How to Deal When Holidays Bring Out the Worst in Your Family
Written by Kytia Lamour | December 16, 2017
May the God of hope fill you with all joy and peace as you trust in Him, so that you may overflow with hope by the power of the Holy Spirit. (Romans 15:13)
If you’re anything like me, your family is far less than perfect. There have been times when I’ve had experiences through the holidays that left me with a negative impression of them altogether. I bided my time until they were over and felt like I barely survived once January came around. Fortunately, things have gotten much better for me, but perhaps you’re still in a time where this season is anything but jolly and you simply can’t wait for it to be over.
It’s very easy to get stressed out by expectations of the perfect holiday dinner or dodging angry shopping crowds so you can get all of the Christmas gifts on your list. (I’ve almost been run over in the parking lot of the mall by someone who was that anxious to get a parking spot a few weeks into December. Don’t be that person.) Whether you’re feeling pressured to make Christmas the best day ever or you’re dreading seeing that critical aunt who always asks why you don’t have a boyfriend, there are some ways to deal with this time of year without hiding under a rock and waiting until it’s over.
Those who listen to instruction will prosper; those who trust the Lord will be joyful. (Proverbs 16:20)
Have realistic expectations. If you understand that some family members are bound to bring up arguments as soon as someone is done praying over the food, don’t allow yourself to be drawn into the negativity. You could be thinking, Just this once, can we have a peaceful meal?! However, if you know it’s coming, pray for peace over your household, but brace yourself for the explosion. When you understand that you have control over how you react, you won’t feel as helpless or frustrated when it happens. This too shall pass.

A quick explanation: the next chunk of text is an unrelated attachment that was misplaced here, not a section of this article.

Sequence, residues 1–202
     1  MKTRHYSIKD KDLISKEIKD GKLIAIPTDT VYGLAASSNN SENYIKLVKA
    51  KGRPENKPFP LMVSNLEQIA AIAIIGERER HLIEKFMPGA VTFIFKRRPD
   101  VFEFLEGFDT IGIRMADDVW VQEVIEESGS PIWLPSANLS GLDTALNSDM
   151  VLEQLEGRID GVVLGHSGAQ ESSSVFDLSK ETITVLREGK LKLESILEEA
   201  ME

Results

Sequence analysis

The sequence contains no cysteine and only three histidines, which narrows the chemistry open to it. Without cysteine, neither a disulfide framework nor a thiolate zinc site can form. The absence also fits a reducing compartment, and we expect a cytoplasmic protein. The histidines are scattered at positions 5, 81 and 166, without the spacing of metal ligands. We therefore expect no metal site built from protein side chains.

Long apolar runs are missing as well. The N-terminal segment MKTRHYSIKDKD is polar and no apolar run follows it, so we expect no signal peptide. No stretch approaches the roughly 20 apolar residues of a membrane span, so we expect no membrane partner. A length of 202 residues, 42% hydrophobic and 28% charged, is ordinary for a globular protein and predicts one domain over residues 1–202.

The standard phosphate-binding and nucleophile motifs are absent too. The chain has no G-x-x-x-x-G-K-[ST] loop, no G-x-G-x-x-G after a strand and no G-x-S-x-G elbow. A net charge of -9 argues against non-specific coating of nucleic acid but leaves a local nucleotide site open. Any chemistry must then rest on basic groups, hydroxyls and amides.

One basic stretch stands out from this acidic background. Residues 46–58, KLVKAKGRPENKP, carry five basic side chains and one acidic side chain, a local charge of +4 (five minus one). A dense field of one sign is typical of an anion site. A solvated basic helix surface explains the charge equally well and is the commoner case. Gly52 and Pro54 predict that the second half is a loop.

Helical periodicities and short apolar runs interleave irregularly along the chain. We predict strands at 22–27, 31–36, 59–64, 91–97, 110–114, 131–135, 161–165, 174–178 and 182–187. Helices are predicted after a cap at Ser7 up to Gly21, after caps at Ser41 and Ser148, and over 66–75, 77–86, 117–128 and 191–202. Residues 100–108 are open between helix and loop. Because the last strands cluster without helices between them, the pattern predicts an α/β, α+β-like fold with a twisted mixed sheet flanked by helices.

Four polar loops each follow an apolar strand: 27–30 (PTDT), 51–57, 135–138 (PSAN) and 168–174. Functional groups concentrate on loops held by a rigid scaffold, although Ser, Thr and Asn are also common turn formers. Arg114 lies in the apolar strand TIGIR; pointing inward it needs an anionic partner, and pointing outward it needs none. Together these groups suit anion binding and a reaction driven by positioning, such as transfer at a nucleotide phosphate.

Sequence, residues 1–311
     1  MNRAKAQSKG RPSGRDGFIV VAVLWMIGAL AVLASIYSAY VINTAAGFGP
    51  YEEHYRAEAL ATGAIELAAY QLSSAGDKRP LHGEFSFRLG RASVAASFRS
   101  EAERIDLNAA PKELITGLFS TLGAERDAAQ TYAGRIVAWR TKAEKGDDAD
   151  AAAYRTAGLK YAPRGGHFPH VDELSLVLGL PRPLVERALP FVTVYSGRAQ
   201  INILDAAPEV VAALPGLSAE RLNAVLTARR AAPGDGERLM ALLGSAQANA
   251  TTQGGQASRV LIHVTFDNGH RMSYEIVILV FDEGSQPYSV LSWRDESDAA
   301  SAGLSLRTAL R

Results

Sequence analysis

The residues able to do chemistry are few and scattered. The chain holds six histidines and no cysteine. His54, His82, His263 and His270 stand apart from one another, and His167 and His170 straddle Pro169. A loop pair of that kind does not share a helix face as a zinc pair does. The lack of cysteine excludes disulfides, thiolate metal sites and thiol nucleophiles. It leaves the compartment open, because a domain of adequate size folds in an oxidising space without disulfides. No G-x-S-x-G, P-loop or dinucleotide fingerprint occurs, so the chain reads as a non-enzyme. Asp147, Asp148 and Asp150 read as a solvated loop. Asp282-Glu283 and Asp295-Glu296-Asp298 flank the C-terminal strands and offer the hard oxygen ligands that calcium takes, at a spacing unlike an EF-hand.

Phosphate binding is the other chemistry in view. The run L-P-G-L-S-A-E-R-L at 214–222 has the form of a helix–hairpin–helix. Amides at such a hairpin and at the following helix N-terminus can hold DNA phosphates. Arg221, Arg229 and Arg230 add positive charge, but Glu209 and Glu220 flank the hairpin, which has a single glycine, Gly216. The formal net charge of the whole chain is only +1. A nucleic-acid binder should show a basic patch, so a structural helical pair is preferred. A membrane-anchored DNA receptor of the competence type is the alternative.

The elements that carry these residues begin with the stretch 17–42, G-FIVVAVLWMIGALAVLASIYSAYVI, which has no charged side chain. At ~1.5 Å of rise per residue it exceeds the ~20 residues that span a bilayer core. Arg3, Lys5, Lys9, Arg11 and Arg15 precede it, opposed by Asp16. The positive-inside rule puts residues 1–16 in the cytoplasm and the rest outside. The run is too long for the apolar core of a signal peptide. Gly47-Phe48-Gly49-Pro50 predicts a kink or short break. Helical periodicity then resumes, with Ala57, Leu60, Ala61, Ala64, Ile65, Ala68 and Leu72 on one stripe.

Come up with bonding activities. I’ve seen firsthand a room full of men watching sports while the women busy themselves in the kitchen. Once it’s time to eat, family members begin to gossip about anyone not in the room or pass disapproving glances at that cousin they’ve fallen out with. In order to cultivate unity, you can search online for fun icebreakers and games that bring a lighter mood to the room and lead to laughter. Sometimes people don’t get along because they’re bored and there’s really nothing to do besides eat and have small talk. If they’re distracted, it could help them to remember what a great sense of humor someone has or what common interests they share.
The Lord is my strength and shield. I trust him with all my heart. He helps me, and my heart is filled with joy. I burst out in songs of thanksgiving. (Psalm 28:7)
Offer to start a new tradition. Sometimes families have been doing the same thing for 20 years and—even though they don’t like to—they keep going forward with it because it’s a tradition. If your family is always stressed out when it’s time to go to the forest and chop down a fresh tree, discuss with them if they’ve thought of doing something new. Maybe a fake tree and less pressure to buy the load of presents you usually get would be more fun and less expensive for everyone. As a new tradition, you could all write a nice letter to each member of the family detailing how grateful you are for them and how they’ve impacted your year in a positive way.
Find a way to bring the family together in times of recent grieving. I understand it’s devastating when you’re coming up on your first holiday without a loved one. This can bring out the worst feelings at a time when you see the world celebrating. Pray about how you can bring hope and joy to this occasion despite the inevitable sadness that will come with it. You can set aside a certain time where everyone expresses their grief and pulls together instead of avoiding your feelings or allowing the entire day to be consumed in despair. If you all know you’re on the same page, it’s less isolating and easier to let The Lord give you hope during this time.
You have turned my mourning into joyful dancing. You have taken away my clothes of mourning and clothed me with joy. (Psalm 30:11)
I hope this helped put you at ease as the world around you may be in a whirlwind of to-do lists and holiday party invites may start to roll out. I’d love to hear of any fun traditions you grew up with or how you deal with your less-than-perfect family this time of year. Share in the comments section below.